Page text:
Then, there was the conflict which showed me even more how sick and wrong the system is and the depths to which it will stoop to attack those questioning it. I believe that any credible sense of justice will be located by working together to ensure the harmony of the whole rather than the interest of the stronger. This must be harmony of the whole by the whole rather than the vindictive oppression by an unelected control crazy, elitist caucus from the privileged classes. Do we need institutionalised authority structures, as we know them?

Is it not worth thinking about? To achieve we must rediscover our ability to think rather than tick over like mindless automatons merely doing as we are told. What does ‘justice’ convey to you? When you hear the word consider not only what you think but what do you feel? Is it a description, a definition, or will an understanding of justice will contain both these elements?



Perhaps there is a feeling of safety as you link justice with your idea of fairness and the right way of doing things. On the other hand, do you feel anxiety being unsure why the question is being asked. Do you connect it with ideas about wrong doers being punished feeling this is getting one’s just deserts? Does crime equal punishment if so exactly why? One should think and be careful with this one before screaming back “Yes George, of course it does!” Is justice the same as revenge? Is ‘retributive justice’ actually commensurate with revenge and one could go on and on. Often enquiries of this kind elicit vacant looks together with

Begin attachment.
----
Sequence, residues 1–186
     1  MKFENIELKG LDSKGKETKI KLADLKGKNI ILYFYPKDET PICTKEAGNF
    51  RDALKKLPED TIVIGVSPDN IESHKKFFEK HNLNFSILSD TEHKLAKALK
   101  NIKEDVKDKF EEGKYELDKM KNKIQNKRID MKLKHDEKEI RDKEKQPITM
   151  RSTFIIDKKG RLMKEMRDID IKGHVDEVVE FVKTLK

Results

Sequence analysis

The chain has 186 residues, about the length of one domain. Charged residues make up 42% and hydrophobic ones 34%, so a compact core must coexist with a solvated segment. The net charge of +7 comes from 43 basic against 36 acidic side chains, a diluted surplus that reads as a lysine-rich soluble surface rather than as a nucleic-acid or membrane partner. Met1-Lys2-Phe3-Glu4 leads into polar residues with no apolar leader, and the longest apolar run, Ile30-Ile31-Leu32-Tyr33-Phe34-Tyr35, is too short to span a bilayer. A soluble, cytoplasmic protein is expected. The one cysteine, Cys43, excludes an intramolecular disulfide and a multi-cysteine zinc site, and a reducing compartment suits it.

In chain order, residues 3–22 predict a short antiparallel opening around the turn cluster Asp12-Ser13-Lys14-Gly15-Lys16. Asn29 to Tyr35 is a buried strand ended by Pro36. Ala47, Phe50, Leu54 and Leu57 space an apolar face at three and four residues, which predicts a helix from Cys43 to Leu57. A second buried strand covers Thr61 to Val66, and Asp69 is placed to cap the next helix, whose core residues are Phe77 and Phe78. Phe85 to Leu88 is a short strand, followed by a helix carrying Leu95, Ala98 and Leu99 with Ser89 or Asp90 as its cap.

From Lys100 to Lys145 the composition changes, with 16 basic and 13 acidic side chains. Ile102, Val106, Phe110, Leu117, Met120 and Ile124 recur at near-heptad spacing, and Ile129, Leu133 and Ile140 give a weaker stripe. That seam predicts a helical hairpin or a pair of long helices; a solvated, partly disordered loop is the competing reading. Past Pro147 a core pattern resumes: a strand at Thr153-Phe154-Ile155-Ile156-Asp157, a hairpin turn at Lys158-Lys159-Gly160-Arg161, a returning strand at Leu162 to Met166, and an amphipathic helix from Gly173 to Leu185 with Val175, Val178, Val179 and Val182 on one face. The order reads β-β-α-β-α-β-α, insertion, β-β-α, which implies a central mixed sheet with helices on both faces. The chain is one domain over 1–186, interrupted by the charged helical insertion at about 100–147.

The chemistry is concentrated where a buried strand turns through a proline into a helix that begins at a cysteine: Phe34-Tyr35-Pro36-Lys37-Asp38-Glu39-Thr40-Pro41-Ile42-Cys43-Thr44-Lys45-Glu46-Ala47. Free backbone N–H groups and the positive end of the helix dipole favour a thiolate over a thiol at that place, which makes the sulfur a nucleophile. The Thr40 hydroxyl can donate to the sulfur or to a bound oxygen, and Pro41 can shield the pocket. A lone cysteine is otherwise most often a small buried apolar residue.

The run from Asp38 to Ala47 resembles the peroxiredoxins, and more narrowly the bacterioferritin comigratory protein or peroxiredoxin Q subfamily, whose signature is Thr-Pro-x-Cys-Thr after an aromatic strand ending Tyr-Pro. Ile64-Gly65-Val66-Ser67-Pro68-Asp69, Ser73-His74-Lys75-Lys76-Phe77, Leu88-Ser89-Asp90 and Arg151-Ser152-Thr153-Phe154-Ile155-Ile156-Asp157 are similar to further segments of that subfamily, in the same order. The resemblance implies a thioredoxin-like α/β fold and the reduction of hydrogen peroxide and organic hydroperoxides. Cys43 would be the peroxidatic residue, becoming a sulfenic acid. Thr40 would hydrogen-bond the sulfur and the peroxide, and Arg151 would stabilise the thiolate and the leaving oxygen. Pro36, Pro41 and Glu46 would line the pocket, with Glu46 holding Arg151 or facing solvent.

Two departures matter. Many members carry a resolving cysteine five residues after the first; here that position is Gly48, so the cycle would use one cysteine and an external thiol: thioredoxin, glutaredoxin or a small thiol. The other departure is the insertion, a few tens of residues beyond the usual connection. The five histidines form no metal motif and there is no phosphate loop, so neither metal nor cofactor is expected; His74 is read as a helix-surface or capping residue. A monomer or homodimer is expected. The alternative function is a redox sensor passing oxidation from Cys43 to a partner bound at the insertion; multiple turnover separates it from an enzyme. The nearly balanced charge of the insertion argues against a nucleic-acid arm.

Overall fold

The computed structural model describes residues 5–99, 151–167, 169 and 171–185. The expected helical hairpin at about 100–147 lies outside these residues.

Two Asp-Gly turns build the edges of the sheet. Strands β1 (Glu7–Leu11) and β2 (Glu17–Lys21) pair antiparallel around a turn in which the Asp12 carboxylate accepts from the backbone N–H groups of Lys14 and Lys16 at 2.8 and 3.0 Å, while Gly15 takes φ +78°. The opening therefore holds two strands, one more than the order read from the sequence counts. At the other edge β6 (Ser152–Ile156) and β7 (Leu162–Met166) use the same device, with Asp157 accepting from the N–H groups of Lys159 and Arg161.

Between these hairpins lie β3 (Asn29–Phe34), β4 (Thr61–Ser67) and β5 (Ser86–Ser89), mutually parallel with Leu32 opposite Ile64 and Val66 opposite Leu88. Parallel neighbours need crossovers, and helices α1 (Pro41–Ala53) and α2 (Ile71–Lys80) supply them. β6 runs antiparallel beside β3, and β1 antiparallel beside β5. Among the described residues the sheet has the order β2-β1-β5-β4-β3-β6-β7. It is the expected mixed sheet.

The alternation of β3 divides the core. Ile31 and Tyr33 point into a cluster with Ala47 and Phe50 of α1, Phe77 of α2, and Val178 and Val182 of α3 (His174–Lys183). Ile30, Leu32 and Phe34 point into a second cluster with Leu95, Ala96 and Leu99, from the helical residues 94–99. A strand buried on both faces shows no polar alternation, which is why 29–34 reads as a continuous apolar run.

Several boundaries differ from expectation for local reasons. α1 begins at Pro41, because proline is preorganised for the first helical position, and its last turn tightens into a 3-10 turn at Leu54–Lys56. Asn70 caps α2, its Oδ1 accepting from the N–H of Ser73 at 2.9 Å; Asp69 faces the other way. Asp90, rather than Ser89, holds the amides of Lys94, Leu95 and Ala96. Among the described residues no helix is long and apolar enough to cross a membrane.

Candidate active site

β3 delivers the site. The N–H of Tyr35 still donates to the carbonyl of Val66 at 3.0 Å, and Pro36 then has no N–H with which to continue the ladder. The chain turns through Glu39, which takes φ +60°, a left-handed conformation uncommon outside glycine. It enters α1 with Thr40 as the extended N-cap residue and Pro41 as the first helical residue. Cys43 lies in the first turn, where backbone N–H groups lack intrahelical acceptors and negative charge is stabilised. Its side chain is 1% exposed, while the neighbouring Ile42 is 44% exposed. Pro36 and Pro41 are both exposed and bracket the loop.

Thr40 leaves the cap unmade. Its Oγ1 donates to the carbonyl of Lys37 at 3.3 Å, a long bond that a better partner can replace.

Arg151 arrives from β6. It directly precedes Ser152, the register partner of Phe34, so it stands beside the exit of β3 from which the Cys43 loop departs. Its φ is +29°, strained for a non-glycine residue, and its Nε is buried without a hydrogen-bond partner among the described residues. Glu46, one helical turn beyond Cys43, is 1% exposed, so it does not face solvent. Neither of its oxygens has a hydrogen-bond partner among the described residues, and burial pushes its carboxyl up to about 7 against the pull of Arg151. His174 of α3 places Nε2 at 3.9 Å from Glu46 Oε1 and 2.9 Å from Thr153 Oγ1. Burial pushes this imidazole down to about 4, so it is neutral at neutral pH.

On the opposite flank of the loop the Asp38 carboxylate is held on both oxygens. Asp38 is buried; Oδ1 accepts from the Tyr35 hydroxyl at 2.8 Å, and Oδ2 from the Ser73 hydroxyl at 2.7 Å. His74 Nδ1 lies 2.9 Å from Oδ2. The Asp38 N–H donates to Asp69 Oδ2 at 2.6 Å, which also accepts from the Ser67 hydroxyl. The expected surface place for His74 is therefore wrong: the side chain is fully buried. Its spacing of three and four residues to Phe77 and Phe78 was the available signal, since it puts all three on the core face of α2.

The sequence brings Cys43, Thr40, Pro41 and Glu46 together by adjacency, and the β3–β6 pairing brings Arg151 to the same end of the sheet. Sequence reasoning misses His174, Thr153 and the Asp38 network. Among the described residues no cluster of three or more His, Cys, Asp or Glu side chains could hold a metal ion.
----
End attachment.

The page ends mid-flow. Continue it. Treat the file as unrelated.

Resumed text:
some apprehension, as one has never given these matters much thought. The expectation to do so now may be threatening. One may be thinking “As long as I’m alright its none of my business” and yet, if they come for me today will they come for you tomorrow? This is, to say the least, a real probability.

There is often a wish to change the subject. Frequently there is deafening silence. In these pages, we enter that silence and explore its real meaning.



Perhaps we will disturb that silence. Let us certainly hope so. We will allow ourselves to think and to feel. I will be sharing something of how I came to be involved and concerned regarding the plight of those ensnared by the “justice” system and will remain so for the rest of my life. That is my wish and personal dedication. Yes, I have been in conflict with the system and been fitted up by local police acting in concert with others; I refer to H.B. she knows who she is as do others including her pernicious associates.